With its clear logical progression from theory to design implementation, this book is an ideal textbook for upperlevel undergraduates and graduate students in structural engineering. Practicing engineers should also turn to this book for expert assistance in investigating and solving a myriad of stability problems.
Table of Contents
Section 1.1 Introduction.
Section 1.2 Basics of Stability Behavior : The SpringBar System.
Section 1.3 Fundamentals of PostBuckling Behavior.
Section 1.4 SnapThrough Buckling.
Section 1.5 MultiDegreeofFreedom Systems.
Section 1.6 Summary.
Problems.
Chapter 2: Elastic Buckling of Planar Columns.
Section 2.1 Introduction.
Section 2.2 LargeDeflection Solution of an Elastic Column.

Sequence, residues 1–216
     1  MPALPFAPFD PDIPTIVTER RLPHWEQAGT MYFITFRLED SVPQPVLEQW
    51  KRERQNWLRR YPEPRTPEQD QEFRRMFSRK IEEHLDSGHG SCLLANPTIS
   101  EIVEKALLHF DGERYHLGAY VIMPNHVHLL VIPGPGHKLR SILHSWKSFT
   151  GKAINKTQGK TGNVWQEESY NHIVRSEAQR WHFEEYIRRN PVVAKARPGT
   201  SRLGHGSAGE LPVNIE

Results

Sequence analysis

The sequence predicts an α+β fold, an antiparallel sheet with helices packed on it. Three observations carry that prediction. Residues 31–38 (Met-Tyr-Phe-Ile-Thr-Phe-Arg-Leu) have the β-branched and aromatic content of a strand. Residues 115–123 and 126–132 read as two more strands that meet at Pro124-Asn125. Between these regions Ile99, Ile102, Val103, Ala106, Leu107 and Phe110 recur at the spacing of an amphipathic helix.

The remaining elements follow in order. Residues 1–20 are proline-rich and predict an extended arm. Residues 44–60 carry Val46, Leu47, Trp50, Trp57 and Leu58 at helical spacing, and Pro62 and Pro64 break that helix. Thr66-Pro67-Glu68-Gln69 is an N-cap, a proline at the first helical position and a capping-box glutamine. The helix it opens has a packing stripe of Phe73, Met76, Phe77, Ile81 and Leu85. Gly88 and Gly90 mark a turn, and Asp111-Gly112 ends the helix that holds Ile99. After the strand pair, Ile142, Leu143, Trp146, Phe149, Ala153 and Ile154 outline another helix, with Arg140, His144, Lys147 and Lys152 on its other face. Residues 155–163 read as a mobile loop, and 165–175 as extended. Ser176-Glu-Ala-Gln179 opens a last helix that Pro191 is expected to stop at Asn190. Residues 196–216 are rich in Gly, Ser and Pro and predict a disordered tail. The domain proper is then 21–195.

Section 2.3 Differential Equation of Planar Flexure.
Section 2.4 The Basic Case: PinEnded Column.
Section 2.5 The Five Fundamental Cases.
Section 2.6 The Effect of Imperfections.
Section 2.7 Stability of A Rigid Frame.
Section 2.8 EndRestrained Columns.
Section 2.9 Restrained Column Examples.
Section 2.10 Continuously Restrained Columns.
Section 2.11 Summary.
Problems.
Appendix.
Chapter 3: Inelastic Column Buckling.
Section 3.1 The Tangent and Reduced Modulus Concepts.
Section 3.2 Shanley's Contribution.
Section 3.3 Example Illustrating the Tangent Modulus and the Reduced Modulus Concepts.
Section 3.4 Buckling Strength ff Steel Columns.
Section 3.5 Illustration Of The Effect of Residual Stresses on the Buckling Strength of Steel Columns.
Section 3.6 The Effect of Initial OutofStraightness and Load Eccentricity.
Section 3.7 Design Formulas For Metal Columns.
Section 3.8 Summary.
Problems.
Chapter 4: BeamColumns.